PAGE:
May 31st, 2018

College Recommendation Letters 101

With so much going on in the college admissions process, it’s easy to forget that acquiring college recommendation letters requires strategic planning. Experts suggest that students give thought and attention to their recommendation letters as early as junior year.

Letters of recommendation complement your college applications, showcasing your character, skills, and abilities. Typically, most colleges will require two letters from teachers and a letter from your guidance counselor. However, colleges have different requirements, so it’s important to refer to each school’s website or admissions department.

Who to ask?

Start with teachers you have known for a long time and have developed a meaningful relationship with throughout high school. This may be a teacher who has mentored you in a particular subject area or even a teacher who helped you get through a difficult course. Any instructor who has witnessed you excelling or working hard to overcome academic challenges could be well-suited to write a letter on your behalf.

Additionally, many students choose to ask coaches, club advisors, or employers for a third letter of recommendation. Letters written by these individuals can speak to your talents outside the classroom and highlight your commitment to extracurricular activities, such as a sport, music program, or internship. Employers can write about your work ethic and responsibility.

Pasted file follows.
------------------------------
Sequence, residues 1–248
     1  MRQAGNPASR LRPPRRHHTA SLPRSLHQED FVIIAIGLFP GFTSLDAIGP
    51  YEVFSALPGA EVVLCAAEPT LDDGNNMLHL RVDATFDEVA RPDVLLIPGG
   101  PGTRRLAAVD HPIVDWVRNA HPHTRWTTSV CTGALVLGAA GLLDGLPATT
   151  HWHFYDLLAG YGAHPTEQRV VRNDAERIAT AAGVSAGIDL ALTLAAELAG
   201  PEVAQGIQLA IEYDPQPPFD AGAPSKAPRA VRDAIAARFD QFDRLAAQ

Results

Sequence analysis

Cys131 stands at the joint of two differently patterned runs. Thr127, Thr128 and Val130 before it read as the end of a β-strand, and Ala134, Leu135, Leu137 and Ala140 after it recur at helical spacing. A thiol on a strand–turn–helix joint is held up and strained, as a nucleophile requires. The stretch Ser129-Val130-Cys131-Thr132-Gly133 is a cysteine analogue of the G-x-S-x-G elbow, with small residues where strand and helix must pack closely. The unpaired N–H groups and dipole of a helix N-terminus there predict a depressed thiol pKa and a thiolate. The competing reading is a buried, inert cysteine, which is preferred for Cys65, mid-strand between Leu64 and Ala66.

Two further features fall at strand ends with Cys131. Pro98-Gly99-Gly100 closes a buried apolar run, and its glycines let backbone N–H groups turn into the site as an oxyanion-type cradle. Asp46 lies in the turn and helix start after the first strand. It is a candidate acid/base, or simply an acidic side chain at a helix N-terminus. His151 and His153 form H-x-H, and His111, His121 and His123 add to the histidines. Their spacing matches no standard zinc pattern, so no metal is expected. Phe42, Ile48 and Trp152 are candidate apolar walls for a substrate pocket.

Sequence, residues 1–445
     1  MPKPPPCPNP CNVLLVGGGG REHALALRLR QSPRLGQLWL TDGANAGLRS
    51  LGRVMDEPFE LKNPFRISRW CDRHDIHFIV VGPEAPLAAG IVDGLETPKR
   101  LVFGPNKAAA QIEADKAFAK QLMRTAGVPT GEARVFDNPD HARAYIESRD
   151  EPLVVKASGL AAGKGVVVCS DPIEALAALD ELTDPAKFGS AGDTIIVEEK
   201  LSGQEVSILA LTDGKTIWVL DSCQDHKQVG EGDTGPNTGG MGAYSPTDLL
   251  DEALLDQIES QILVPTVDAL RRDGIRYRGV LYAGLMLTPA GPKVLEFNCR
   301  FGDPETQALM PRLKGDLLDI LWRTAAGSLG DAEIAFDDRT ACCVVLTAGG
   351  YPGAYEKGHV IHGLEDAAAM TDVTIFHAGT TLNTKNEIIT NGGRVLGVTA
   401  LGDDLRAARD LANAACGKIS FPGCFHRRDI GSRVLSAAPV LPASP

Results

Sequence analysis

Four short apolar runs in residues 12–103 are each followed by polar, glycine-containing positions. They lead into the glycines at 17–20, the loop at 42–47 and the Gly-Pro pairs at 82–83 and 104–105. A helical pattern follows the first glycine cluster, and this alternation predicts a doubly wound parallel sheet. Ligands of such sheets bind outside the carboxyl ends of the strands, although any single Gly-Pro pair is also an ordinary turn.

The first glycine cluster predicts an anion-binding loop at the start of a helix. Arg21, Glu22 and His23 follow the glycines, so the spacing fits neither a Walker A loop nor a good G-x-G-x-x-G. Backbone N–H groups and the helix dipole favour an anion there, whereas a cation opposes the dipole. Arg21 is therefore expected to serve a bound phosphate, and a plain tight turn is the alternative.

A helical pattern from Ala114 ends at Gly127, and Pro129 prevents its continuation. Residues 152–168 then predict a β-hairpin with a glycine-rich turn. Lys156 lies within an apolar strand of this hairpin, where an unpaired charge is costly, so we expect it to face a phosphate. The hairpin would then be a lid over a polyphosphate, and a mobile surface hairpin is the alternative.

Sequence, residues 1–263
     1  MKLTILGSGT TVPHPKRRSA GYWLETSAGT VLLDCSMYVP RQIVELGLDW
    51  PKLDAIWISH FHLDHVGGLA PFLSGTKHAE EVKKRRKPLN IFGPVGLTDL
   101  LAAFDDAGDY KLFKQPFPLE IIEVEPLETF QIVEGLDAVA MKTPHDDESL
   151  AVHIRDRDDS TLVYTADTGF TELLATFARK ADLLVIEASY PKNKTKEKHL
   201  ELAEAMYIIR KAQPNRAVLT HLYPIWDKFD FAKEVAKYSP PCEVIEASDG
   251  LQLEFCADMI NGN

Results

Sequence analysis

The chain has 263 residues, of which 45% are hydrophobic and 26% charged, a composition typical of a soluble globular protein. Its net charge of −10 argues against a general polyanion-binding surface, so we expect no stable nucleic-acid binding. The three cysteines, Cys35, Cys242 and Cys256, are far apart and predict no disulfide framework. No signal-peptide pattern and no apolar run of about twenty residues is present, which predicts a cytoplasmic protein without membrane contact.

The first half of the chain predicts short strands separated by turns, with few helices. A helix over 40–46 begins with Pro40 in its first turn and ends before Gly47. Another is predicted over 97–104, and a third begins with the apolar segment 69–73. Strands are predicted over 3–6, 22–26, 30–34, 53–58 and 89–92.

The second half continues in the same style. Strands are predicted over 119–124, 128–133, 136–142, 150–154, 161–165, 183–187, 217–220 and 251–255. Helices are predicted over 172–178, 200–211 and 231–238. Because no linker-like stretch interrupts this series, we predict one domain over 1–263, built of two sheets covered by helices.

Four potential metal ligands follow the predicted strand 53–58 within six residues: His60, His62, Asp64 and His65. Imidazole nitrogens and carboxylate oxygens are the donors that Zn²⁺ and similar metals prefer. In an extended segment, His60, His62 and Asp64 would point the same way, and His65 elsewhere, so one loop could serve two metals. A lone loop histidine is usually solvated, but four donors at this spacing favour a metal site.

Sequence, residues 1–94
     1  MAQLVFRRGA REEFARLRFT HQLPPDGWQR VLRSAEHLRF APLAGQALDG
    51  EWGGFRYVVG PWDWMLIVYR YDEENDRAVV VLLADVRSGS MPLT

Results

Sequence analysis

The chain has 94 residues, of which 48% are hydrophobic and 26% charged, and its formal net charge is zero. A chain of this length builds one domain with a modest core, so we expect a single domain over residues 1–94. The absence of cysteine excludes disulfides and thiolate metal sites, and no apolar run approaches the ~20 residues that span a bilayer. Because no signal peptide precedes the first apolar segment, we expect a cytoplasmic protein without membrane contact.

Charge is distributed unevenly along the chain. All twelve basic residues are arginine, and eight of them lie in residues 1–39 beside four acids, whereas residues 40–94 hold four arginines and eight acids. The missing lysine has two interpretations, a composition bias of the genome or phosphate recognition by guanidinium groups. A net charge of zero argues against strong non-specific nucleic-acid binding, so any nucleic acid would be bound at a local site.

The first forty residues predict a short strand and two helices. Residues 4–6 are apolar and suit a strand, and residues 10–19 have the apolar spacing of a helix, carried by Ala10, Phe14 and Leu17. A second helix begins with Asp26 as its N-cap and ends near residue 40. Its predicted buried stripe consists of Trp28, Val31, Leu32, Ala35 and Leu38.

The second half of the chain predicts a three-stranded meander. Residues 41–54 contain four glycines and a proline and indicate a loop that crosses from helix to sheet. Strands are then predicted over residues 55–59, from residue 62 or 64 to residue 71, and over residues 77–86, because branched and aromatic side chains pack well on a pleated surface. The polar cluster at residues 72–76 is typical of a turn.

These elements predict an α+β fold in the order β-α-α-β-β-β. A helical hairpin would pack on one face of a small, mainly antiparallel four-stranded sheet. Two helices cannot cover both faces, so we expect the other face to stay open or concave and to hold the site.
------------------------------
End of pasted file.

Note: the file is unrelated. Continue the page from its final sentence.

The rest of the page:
When to ask?

Each year, multiple seniors ask teachers to write recommendation letters. To avoid “competing” with other students’ requests, reaching out to recommenders at the end of junior year rather than waiting until fall of senior year is best. This will allow you to pass along your resume and share your goals and achievements with them. Most importantly, it gives your teachers time over the summer to write your letters – before they receive a flood of requests in the fall!

General tips

After speaking with your recommenders, be sure to provide them with all the information they need to submit their letters. They must be aware of your college’s deadlines and have access to the forms or links required for submission. Be sure to send hand-written thank you notes after your applications are completed!

Your recommendation letters are a key component of your admissions profile. Planning ahead will help both you and your recommenders manage the process in the best way possible.


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